Quarles: “I expect that the Board will seek comment on the advisability of, and possible approaches to, gathering the public’s input on scenarios and salient risks facing the banking system each year. Such a proposal may also provide additional details about the scenario design features that underpins each year’s scenarios, and a range of other enhancements.”

  1. The CCAR qualitative objection, already eliminated for most banks in favor of standard supervisory processes, will likely be discontinued for all firms.

Quarles: “In my view, the time has come to normalize the CCAR qualitative assessment by removing the public objection tool, and continuing to evaluate firms’ stress testing practices through normal supervision.”

  1. Vice Chairman Quarles’s speeches continue to provide the public with delightful historical analogies and an expansive vocabulary. Here’s a quick glossary for today:
  • “In these circumstances, my discussing changes to our stress testing regime could sound uncomfortably close to the serene arrogance of Alfonso X of Castile, who famously said that ‘Had I been present at the creation, I would have given some useful hints for the better ordering of the universe.’” Alfonse X of Castile was a thirteenth-century king of Castile, Leon and Galicia in present-day Spain. Also known as “Alfonse the Wise,” he was also an avid poet and astrologer; the quote is thought to be in response to reading Ptolemy’s treatise on astrology.
  • (From Q&A) “We’ve always been at war with Eastasia.” Eastasia was one of three fictional superstates in George Orwell’s novel Nineteen Eighty-Four, occupying present-day China, Japan, Korea.
  • “Now, while [the requirement that a firm submit its capital plan before receiving its CCAR results] might at first blush appear to be pointless and obdurate cruelty, the reasoning behind the practice was initially perfectly sensible.” Merriam-Webster defines obdurate as “stubbornly persistent in wrongdoing” or “hardened in feelings.”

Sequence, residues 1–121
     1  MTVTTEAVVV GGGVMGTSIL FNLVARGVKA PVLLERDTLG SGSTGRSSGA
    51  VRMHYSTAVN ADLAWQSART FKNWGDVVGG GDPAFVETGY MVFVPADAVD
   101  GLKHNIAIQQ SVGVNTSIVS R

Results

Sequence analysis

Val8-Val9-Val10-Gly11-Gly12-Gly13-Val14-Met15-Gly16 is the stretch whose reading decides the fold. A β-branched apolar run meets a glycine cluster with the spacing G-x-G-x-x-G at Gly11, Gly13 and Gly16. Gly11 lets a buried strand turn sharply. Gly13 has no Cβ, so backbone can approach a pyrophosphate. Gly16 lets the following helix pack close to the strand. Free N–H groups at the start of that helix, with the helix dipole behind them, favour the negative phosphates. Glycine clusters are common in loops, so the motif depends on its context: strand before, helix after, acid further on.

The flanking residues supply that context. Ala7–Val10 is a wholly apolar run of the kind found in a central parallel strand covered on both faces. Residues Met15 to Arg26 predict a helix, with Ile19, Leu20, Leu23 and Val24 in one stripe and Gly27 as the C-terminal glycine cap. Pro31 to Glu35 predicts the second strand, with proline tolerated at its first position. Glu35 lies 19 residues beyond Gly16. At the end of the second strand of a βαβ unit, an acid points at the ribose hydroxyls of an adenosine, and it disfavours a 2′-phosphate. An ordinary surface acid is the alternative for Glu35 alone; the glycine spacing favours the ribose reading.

• There was also a Star Trek reference, which we did not catch, but which caused a Trekkie in the audience to hoot with joy.

Additional Observations from Q&A after the Speech

  • Vice Chairman Quarles indicated his opposition to imposing a counterycyclical capital buffer. He stressed that the purpose of the buffer was financial stability and not macroeconomic management, and thus that a strong economy did not argue for the buffer; only rising financial stability risks would. In that context, he noted high bank capital and liquidity levels and assessed financial stability risks as generally moderate.
  • Vice Chairman Quarles acknowledged that the Volcker Rule was having effects on market liquidity, a fact about which prior Fed governors had expressed doubt.
  • In the context of stress testing transparency, he downplayed the notion that increased transparency was akin to “giving the banks the exam questions.” He said it was more akin to giving them “the textbook.” He stated that his greater concern about increased transparency was a concern about the potential concentration effects of a mono-model approach, as banks would tend to herd into favored assets, though he noted that banks are already reverse engineering the model based on each year’s results.
  • Asked about CECL, Vice Chairman Quarles referenced a forthcoming statement and indicated that there would be a study of the interrelationship of the accounting standard and regulatory capital. He stated that there was some debate about its day one impact, but notably said that there was less debate about its effect under stress, which he indicated would be procyclical.